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Richard Ryman column: NRC answers some questions about Kewaunee decommissioning

8:50 PM, Apr. 27, 2013  |  Comments
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A variety of information came out of the Nuclear Regulatory Commission's meeting Wednesday on the Kewaunee Power Station closing, but didn't fit into other stories. So here are a few things from the notebook:

? The NRC will continue to have a resident inspector on site for about a year after the plant shuts down. After that, regional inspectors will take over responsibility for ensuring plant safety.

? The NRC said the decommissioning plans calls for spent nuclear fuel to be removed from the site within 60 years. There is a lot of skepticism on that point. The federal government is required, by law, to provide a repository for nuclear fuel. The repository was to be available in 1998, but the chosen location, Yucca Mountain in Nevada, was never completed and put on hold by the Obama administration.

"We can't tell you what the situation will be in 10, 20, 30 years. Right now, it's 60 years, unless we are told otherwise by Congress and the President through laws," said Kenneth O'Brien, deputy director of the Division of Reactor Projects for Region III - and a former resident inspector at Kewaunee.

? Someone asked whether, once it was shut down, Dominion could return to operation. O'Brien said as with all changes in a licensee's operating status, the owner would have to demonstrate to the NRC why it needed to do so and if it could do it safely.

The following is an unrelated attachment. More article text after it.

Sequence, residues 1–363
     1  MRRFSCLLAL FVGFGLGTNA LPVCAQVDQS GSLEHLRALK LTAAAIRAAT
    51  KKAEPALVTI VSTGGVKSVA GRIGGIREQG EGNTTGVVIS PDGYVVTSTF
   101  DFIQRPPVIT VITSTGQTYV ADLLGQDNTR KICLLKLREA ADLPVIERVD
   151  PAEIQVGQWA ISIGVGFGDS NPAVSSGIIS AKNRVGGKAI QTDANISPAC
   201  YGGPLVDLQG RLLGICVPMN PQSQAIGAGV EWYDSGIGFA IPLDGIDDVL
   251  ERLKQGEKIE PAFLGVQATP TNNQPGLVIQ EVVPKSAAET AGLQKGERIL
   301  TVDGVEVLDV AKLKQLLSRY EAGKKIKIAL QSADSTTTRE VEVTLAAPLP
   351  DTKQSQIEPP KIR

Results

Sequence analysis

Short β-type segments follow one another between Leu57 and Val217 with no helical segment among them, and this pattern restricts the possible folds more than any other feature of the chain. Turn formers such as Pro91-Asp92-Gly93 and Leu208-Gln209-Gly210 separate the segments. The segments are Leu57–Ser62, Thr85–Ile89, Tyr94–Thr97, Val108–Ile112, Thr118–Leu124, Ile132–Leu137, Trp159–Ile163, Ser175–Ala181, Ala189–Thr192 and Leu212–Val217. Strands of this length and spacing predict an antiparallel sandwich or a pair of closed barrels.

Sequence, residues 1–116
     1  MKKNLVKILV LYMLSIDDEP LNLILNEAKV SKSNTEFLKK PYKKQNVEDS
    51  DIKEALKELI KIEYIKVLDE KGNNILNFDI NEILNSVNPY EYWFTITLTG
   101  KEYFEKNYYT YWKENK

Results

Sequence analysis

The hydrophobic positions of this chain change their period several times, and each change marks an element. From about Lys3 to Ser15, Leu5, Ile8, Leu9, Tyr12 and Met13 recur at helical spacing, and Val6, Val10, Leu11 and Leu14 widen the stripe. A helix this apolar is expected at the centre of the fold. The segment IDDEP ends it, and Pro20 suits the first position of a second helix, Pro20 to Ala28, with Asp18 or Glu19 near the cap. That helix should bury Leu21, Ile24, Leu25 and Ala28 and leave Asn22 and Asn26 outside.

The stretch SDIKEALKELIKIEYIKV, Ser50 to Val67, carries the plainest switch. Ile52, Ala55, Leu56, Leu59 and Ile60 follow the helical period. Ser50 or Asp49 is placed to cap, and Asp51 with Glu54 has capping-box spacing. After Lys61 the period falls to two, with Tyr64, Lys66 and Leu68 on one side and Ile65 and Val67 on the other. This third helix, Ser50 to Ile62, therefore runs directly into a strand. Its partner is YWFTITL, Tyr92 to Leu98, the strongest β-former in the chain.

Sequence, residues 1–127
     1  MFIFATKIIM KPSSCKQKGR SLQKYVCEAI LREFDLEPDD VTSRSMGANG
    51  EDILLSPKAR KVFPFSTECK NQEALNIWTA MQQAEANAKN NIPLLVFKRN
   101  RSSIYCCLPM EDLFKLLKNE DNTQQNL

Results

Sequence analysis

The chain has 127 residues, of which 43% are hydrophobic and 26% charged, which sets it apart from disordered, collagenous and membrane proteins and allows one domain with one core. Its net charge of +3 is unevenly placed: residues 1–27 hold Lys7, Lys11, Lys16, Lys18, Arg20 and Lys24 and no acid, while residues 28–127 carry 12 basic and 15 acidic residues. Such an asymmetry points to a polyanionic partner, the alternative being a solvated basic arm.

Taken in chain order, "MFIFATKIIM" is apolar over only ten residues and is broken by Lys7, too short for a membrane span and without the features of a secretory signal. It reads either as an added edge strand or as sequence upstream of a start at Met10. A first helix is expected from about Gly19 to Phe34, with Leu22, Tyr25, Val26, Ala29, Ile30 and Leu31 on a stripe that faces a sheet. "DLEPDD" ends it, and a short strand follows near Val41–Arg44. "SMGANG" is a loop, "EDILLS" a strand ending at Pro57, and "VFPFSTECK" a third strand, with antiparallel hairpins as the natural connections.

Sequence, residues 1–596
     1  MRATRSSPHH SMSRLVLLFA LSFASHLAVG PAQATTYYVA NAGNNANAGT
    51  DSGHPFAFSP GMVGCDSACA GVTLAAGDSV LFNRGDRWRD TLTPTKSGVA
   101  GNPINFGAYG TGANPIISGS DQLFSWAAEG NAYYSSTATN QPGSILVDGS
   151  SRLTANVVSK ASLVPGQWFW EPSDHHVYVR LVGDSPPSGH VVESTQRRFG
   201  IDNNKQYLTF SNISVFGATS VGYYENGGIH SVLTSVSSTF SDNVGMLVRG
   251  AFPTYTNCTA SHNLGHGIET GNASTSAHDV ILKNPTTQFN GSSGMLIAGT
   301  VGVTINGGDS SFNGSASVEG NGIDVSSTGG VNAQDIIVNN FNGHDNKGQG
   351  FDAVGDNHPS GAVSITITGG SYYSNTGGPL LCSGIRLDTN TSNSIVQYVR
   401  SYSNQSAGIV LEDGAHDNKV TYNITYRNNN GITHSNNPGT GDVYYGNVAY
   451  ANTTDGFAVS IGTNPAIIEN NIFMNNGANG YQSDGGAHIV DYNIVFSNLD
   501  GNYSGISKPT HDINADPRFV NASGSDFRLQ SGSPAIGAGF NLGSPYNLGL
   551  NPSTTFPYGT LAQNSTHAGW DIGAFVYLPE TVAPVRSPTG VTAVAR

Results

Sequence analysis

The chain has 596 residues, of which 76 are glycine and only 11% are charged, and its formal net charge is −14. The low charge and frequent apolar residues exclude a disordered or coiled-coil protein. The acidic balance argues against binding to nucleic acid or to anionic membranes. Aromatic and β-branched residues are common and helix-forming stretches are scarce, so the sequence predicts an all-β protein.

"I'm not aware of any case where that happened," he said.

Senior Resident Inspector Robert Krsek said the plant is in excellent condition.

? A socio-economic impact study must be prepared as part of the decommissioning process. The report compares factors from before the plant was built to those expected after it is removed. The in-between stuff, not so much.

? O'Brien said there are no inherent safety issues to accelerating decommissioning. There are a lot of other factors that come into play, but accelerated decommissioning could be safely carried out.

? The NRC's concerns do not extend outside the plant security zone. In other words, Dominion's recently completed training facility is not required to be dismantled along with the nuclear plant.

? Nuclear plant owners are given a great deal of leeway in developing their decommissioning plans. Some have completed decommissioning relatively quickly, others have taken decades and aren't done yet. The NRC does not prod them along, other than to be sure they get it done by the end of 60 years and that it is done safely.

? At Kewaunee, spent reactor fuel is scheduled to remain in the reactor pool for at least seven years before being moved to dry-cask storage.

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